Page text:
Answer: Birds - especially jays and crows - will dig newly planted seeds from your garden. Voles, will, too. A Vole looks quite a lot like a mouse. Voles also have shorter tails, and a rounder face than a mouse does. Voles are active day and night. Mostly, they will look for food during the day using the tunnels moles may have made. Travelling in these tunnels they will find roots of plants to eat, destroying lawns, garden perennials and bulbs. They will also search for seed to eat. In winter they are active and do not hibernate. They tend to stay underground under the snow where it is warm, but will search for seed above ground from time to time. When above ground Voles may gnaw on the bottom bark of any fruit trees in your yard. If you are noticing missing bark from the bottom of your fruit trees, tracks in the grass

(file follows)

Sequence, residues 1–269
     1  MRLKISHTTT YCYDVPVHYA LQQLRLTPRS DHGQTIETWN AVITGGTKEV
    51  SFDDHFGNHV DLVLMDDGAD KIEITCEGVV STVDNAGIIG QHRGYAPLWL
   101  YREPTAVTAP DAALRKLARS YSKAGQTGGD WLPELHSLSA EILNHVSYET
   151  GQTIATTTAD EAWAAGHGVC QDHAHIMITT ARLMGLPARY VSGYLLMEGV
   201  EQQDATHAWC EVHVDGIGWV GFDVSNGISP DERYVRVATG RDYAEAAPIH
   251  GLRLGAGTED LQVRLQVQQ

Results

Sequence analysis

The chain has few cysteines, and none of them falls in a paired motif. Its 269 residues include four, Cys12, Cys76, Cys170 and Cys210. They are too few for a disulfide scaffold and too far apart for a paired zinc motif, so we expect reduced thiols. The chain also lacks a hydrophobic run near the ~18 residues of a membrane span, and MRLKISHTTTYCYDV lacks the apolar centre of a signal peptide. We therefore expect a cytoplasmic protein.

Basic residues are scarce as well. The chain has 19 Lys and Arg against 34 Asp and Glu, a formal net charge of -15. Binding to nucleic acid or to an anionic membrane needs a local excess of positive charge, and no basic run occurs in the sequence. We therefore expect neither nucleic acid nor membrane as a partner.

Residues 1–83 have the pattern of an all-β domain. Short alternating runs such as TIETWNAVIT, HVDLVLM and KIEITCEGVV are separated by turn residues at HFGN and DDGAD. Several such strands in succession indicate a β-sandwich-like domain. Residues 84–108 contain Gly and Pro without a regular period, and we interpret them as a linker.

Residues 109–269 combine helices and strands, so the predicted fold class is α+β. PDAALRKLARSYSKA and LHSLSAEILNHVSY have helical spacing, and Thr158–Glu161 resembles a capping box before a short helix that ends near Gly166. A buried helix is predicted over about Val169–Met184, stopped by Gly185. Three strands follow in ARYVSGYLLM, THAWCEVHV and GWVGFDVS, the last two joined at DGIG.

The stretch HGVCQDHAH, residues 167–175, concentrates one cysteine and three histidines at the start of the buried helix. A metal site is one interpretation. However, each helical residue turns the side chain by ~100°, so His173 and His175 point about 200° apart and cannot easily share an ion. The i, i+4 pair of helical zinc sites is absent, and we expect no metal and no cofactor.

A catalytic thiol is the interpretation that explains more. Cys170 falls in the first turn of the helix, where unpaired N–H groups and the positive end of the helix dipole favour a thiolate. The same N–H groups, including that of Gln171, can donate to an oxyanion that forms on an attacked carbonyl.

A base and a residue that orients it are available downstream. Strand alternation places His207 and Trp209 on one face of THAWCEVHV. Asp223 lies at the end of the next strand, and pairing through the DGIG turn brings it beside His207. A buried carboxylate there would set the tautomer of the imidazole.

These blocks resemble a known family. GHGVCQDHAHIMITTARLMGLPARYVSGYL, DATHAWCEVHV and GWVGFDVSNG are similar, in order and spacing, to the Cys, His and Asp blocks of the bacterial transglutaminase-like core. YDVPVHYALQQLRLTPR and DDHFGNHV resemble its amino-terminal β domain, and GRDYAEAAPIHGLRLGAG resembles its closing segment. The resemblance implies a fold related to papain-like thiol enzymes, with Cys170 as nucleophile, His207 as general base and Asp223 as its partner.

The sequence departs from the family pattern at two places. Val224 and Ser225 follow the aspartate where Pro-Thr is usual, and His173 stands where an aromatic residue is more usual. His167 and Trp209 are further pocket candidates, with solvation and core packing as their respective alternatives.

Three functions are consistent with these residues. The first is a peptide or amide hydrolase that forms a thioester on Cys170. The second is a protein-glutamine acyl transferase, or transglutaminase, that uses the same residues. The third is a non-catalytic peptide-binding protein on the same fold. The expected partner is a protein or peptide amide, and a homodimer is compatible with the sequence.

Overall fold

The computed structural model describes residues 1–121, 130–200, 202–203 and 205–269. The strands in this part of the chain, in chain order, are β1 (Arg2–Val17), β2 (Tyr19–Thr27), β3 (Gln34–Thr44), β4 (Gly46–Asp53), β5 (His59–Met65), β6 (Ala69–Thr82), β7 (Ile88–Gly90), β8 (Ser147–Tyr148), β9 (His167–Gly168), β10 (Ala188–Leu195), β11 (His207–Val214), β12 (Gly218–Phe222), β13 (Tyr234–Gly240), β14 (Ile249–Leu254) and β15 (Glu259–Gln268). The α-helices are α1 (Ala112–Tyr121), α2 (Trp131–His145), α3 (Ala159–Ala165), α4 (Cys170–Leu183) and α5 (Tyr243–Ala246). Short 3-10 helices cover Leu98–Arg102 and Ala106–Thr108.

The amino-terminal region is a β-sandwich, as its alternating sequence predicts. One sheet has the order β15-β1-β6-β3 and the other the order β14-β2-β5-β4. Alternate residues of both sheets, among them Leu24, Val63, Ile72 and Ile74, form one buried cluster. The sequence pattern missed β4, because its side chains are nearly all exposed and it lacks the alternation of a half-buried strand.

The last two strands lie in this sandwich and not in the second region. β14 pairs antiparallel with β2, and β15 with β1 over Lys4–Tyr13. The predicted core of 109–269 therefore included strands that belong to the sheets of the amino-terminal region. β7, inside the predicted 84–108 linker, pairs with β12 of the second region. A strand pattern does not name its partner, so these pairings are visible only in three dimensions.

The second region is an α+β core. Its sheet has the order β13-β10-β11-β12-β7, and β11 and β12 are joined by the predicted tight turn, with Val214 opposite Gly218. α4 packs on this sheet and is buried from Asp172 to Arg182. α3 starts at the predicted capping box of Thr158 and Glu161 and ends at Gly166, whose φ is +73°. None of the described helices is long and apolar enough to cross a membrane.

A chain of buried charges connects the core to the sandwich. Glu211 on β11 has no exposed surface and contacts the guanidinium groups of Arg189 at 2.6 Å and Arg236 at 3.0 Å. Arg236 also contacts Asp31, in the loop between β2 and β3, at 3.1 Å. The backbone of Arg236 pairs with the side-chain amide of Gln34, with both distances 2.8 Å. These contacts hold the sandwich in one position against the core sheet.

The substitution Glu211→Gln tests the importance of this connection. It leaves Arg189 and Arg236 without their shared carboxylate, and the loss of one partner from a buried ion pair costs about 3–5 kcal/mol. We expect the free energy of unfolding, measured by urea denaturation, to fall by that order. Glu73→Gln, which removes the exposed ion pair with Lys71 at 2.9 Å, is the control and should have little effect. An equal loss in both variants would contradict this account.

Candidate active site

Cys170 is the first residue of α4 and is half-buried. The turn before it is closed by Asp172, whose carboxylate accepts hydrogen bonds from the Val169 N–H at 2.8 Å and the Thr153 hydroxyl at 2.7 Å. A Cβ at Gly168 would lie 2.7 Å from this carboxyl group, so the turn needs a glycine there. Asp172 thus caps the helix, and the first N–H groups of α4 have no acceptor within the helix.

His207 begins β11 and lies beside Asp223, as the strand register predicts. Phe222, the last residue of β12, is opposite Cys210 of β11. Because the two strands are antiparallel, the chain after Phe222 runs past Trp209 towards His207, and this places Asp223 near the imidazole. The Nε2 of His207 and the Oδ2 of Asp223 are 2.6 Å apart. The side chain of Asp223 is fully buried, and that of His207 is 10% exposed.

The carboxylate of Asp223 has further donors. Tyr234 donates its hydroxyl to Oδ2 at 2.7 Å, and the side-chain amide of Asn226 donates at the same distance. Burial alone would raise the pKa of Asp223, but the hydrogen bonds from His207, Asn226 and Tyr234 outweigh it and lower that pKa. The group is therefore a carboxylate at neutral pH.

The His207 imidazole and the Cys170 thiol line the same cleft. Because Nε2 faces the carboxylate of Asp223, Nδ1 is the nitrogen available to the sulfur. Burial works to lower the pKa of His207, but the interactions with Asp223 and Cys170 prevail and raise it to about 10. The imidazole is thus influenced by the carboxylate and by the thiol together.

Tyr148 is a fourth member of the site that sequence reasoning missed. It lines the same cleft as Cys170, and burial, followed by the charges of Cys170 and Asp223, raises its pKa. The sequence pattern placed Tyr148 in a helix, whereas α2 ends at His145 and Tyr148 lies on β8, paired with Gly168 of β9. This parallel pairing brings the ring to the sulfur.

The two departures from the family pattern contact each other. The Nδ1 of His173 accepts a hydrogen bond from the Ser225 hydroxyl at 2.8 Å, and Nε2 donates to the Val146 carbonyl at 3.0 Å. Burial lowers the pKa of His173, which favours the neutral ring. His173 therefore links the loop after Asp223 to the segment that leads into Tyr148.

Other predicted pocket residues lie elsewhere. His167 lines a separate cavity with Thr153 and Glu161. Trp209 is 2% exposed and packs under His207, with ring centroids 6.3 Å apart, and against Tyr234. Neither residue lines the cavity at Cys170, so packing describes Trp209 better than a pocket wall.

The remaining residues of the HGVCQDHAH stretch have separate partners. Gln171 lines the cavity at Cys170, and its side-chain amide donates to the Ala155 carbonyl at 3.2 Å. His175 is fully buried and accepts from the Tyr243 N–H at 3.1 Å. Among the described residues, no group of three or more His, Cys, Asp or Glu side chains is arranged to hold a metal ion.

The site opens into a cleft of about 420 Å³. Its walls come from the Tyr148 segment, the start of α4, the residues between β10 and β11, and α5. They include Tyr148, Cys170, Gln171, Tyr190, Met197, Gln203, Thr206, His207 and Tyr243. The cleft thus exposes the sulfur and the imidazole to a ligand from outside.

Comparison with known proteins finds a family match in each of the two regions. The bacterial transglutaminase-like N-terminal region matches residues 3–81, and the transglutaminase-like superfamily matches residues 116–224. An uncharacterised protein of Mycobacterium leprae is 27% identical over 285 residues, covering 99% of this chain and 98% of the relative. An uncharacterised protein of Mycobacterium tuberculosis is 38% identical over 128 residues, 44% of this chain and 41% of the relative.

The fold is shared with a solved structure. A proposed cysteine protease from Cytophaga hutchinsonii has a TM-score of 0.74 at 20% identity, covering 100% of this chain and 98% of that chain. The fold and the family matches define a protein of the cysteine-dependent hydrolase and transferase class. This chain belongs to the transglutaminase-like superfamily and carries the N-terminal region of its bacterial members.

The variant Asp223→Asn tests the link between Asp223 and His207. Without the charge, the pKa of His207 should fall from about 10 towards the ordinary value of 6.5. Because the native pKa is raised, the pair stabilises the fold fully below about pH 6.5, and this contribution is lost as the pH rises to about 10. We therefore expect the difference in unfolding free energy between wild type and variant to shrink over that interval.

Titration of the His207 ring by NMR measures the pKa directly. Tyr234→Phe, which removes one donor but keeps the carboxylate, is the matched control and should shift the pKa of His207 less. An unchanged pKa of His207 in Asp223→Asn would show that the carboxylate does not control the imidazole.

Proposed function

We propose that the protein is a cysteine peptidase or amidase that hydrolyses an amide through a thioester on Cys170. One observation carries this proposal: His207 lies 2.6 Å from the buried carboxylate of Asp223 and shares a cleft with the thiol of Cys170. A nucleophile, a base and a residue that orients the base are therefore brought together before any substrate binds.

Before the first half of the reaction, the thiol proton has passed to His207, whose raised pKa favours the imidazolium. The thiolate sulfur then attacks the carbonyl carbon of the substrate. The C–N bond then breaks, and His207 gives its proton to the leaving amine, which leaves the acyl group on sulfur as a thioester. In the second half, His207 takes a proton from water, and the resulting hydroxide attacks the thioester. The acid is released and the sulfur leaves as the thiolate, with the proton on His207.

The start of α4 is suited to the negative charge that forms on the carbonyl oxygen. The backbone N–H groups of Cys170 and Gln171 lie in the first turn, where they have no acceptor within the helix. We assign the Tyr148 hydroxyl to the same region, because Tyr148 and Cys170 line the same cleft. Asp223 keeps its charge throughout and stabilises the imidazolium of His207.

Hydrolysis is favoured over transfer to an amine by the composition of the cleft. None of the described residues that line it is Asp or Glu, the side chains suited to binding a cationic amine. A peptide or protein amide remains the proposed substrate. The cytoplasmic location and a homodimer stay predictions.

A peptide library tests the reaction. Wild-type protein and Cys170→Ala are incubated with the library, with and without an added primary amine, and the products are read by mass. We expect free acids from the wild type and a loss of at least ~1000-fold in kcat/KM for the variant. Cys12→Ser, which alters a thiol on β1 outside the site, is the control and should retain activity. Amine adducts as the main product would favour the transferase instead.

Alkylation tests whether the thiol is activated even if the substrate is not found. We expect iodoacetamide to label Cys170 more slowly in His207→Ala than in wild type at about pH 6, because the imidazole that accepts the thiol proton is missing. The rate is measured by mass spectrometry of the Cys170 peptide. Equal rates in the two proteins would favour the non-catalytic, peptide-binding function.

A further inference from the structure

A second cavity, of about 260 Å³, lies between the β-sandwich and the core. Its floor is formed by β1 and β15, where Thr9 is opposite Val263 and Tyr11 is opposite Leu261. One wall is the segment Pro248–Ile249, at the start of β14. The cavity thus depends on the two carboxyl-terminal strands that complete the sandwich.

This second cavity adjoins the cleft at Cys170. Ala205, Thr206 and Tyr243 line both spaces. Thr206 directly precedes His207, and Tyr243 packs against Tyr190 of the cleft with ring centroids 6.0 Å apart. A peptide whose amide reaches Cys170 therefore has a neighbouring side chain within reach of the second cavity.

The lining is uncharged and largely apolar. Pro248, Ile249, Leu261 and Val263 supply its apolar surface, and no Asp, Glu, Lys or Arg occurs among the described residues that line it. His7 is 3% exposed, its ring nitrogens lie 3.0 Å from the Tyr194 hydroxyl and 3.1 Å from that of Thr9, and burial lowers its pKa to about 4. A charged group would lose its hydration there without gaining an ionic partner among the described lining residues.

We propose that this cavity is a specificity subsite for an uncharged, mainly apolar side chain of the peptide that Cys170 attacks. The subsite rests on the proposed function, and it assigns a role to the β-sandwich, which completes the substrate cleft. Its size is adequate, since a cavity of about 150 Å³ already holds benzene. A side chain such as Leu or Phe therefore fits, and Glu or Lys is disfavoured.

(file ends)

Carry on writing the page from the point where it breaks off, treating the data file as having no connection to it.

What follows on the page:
leading to holes or dead grass patches with chewed off grass left around the area for evidence, it's likely voles.
If you think birds are stealing your seeds, you need only to cover your freshly planted garden plots with bird netting. This will keep them from landing and digging in your garden. If you think voles are the problem, there are a number of ways to eliminate them - some more humane than others.
There are mole and vole repellants on the market; Cats can help control the vole population. No kill mouse traps have been used by gardeners. Just make sure when you release the voles they are released far enough away they won't find their way back.
Make sure to check the traps regularly so the voles don't die of starvation.
Voles are small enough that you can use a regular size mouse trap to kill them in.
Exercise caution if you have pets and kids around the garden.
Best wishes with your vegetable garden!
Q&A Library Searching Tips